Jul 19 – ALBANY – The Dougherty County Commissioners have a tax problem on their hands, but the good news is that the value of real estate across the county has increased slightly year over year.
The question is whether to lower the tax rate so that the total property value is up 0.34 percent, which has increased by about $ 6.8 million from $ 2.005 billion to $ 2.011 billion .
“Even if it is a minimal increase, it is a good thing and shows growth,” said Commission Chairman Chris Cohilas.
Homes are selling briskly right now and this could signal further growth in the county’s tax balance in the future, he said.
“It shows that residents can get more for their homes,” said the chairman. “When you talk to Dougherty County estate agents, houses sell like hotcakes. It’s a sellers’ market.
In the short term, however, commissioners will have to decide whether to cut the millage rate by 0.34 percent to reflect the rise in property values. For the tax rate in the Special Service District, which funds fire safety and recreation for residents of unincorporated Dougherty County, the increase would be 0.27 percent.
Failure to reduce tax rates will be considered a tax increase under state law and would require the Commission to hold a series of public hearings on the matter. The Commission’s budgetary finance committee recommends leaving the millage rate unchanged.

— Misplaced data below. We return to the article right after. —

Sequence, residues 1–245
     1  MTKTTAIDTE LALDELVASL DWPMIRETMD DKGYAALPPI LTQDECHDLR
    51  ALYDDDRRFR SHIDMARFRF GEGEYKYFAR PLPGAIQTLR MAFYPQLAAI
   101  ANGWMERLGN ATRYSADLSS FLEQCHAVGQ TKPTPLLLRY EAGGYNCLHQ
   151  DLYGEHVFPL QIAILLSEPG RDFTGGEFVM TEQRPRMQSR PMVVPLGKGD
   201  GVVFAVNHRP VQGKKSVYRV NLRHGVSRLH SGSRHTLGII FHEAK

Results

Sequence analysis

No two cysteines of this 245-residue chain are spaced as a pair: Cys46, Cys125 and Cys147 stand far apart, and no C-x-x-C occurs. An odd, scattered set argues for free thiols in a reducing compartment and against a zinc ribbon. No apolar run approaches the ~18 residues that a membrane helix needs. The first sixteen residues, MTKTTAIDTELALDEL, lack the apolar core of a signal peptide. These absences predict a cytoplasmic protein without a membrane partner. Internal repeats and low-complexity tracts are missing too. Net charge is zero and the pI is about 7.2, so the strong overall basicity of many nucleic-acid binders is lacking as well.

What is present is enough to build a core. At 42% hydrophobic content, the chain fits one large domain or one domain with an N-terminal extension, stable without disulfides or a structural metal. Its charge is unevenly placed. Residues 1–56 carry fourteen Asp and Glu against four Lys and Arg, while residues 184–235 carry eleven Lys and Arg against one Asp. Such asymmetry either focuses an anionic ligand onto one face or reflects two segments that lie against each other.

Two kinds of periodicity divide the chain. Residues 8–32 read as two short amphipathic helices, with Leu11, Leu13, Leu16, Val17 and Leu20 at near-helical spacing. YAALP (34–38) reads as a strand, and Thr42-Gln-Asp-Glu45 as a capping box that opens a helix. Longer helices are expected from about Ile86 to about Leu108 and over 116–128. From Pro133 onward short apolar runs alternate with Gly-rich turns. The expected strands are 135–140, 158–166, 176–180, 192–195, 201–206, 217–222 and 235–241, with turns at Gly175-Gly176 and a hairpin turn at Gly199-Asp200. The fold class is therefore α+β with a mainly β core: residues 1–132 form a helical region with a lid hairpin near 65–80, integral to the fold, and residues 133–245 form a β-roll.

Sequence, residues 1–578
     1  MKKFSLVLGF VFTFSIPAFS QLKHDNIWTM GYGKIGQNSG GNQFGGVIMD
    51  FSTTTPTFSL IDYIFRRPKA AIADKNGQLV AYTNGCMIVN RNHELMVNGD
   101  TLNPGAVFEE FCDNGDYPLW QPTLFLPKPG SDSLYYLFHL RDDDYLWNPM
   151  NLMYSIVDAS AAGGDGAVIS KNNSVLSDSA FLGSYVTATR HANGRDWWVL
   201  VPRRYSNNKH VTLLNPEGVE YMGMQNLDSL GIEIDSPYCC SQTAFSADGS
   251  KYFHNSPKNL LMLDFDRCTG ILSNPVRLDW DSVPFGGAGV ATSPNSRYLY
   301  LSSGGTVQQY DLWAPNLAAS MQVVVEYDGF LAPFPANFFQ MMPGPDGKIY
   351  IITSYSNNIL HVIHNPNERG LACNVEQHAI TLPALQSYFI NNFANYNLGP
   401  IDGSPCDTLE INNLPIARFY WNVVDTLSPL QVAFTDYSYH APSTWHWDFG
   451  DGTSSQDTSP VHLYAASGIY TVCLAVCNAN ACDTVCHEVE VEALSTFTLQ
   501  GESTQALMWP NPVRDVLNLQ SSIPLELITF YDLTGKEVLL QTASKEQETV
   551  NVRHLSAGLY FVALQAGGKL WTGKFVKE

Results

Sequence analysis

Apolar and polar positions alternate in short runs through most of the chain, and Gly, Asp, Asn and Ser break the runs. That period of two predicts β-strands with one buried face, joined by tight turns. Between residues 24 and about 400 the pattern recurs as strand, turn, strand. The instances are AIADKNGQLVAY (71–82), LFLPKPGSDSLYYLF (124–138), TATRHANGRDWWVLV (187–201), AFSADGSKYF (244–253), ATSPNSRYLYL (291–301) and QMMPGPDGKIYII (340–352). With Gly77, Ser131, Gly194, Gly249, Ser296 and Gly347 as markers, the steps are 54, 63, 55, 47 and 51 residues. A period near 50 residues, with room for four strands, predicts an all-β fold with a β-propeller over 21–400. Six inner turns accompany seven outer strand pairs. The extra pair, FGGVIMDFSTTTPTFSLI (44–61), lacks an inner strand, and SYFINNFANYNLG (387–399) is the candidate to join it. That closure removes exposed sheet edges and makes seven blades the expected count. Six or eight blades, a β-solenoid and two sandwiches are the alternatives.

For landowners, a resident in unincorporated Dougherty County whose residence increased in value as ratings increased pays an additional $ 2.09 to the general fund and $ 1.03 more to the special service district fund.
However, only property owners would pay more if there was an increase in property value. Properties that remained unchanged would be taxed at the same amount as in the previous year, and those that had depreciated would have a lower overall tax burden.
With that in mind, the commissioners on Monday also approved a pay raise for public safety workers and a $ 1,000 lump sum payout to other county workers.
The first year or two of the raise is funded by federal dollars, but the county budget must pay the cost after that.
Four years ago, the Commission increased the millage rate to the current rate of 0.0155. The county must plan to use county funds to make these pay increases permanent, Commissioner Victor Edwards said.
“Resetting them means throwing away all of that hard work,” said Commissioner Clinton Johnson, a member of the finance committee. “We made the tough decisions four years ago.”